We know the story of Thanksgiving. It involves the Pilgrims and the Native Americans gathering together and thanking the Lord for a harvest. The pictures we receive are colorful and festive. They don’t reflect the difficulty of the times. Life was tough. Many were dying of disease. The business of settling in a new land had many challenges.
Yet, the wisdom of the leaders was that the people would be better if they stopped to express gratitude for what they had.
There is all sorts of research that demonstrates that those who can muster gratitude live a “better” life than those who don’t. As Americans, we have much to be grateful for.
Let me list a few:
Most of us have roofs over our heads. Some estimate there are 100 million homeless people in the world. Most Americans don’t number among them.
We eat well. One third of the world inhabitants are starving. Another 1/3 are underfed. We have obesity threatening our health.
We have safe water. Estimates are that 2 million folks die a year because they didn’t have safe water to drink. Our water is not only safe but it has additives which help preserve our teeth.
We have toilets which handle our bodily waste. Would it surprise you to know 40% of the world’s population doesn’t have toilets? Bill Gates of Microsoft has given $42 million to organizations who are trying to figure out the safe disposal of bodily waste. More than 1.2 million kids under the age of five die every year from illness because they are exposed to bodily waste.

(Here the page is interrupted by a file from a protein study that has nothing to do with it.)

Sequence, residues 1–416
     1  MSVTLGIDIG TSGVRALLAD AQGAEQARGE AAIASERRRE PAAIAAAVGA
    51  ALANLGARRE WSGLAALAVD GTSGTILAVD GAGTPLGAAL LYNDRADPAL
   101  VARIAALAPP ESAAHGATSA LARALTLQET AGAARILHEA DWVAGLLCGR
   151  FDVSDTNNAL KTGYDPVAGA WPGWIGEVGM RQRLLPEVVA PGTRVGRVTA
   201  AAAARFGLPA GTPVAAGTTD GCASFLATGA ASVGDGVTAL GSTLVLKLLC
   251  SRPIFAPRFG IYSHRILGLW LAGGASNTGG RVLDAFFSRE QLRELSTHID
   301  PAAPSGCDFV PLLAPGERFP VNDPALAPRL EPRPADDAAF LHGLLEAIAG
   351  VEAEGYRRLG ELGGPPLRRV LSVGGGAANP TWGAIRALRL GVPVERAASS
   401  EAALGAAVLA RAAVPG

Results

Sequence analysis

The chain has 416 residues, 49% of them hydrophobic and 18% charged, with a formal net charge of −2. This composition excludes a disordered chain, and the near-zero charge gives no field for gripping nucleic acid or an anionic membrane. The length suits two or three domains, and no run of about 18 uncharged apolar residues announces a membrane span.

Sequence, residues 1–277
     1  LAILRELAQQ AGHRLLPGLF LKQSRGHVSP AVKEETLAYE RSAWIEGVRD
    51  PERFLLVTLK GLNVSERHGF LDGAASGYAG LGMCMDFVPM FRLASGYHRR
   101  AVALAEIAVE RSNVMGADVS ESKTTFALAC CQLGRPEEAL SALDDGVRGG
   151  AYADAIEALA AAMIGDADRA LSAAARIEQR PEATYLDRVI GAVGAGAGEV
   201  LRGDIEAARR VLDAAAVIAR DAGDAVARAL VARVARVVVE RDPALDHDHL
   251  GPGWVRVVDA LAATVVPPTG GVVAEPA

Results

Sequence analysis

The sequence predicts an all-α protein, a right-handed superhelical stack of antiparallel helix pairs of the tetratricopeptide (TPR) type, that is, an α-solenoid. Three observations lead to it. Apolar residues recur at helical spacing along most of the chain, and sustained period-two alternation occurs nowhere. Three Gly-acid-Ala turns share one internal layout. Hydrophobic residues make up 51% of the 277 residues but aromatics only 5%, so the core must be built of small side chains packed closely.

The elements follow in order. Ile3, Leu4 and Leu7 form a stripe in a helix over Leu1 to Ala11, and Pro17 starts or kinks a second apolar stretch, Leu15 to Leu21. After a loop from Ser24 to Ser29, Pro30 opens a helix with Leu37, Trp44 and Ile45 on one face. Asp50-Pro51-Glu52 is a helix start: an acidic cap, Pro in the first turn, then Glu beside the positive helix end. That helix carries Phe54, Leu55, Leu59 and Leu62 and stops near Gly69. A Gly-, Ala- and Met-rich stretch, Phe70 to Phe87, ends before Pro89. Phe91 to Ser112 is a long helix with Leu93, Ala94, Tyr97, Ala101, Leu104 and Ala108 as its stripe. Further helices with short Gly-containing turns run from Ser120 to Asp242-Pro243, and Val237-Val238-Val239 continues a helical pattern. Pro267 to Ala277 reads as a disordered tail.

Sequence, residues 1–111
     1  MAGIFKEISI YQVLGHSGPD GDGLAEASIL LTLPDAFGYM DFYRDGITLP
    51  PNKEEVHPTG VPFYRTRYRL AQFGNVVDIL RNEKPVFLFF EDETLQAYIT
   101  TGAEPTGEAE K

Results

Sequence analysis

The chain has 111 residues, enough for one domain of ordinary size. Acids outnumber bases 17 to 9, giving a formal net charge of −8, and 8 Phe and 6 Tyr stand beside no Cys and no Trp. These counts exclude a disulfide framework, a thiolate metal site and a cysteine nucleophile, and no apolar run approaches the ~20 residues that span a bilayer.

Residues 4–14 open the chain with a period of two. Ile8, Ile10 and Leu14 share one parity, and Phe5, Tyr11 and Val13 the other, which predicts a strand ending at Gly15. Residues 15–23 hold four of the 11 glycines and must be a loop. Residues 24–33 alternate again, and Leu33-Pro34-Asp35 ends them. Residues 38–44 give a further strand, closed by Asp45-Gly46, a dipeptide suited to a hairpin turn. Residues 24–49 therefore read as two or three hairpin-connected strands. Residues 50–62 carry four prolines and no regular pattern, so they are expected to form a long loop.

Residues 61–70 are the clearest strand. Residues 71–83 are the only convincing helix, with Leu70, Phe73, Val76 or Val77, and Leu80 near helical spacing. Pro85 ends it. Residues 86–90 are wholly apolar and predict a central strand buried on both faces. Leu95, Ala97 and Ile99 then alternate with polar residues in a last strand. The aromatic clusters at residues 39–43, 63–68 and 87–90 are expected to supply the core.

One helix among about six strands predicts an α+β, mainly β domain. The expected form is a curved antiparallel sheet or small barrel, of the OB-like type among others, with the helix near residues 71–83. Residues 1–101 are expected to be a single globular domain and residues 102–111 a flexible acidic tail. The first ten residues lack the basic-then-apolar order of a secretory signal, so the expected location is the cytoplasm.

In America, if we have a fire, a fire truck and a team to put it out comes.
In America, if you are sick to the point of emergency and show up at a hospital, you are provided care – even if you don’t have insurance.
In America, you get to worship how you want, when you want and who you want.
In America, we have police that patrol our communities in an effort to make us safe.
In America, we have troops that travel around the world to preserve our freedom.
Factors like this and many more that come to mind – family, friends, a job, transportation – make us “rich” beyond measure.
A favorite Bible verse of mine is Luke 12:48: “To whom much is given, much is required.”
On this Thanksgiving, I am challenged to move into a grateful state of mind and use that overwhelming sense of gratitude to fuel me toward being better: a better husband, a better dad, a better colleague, a grateful worshipper, a generous giver. Better every way I can. Because I have been given much. May I give much. As it is required.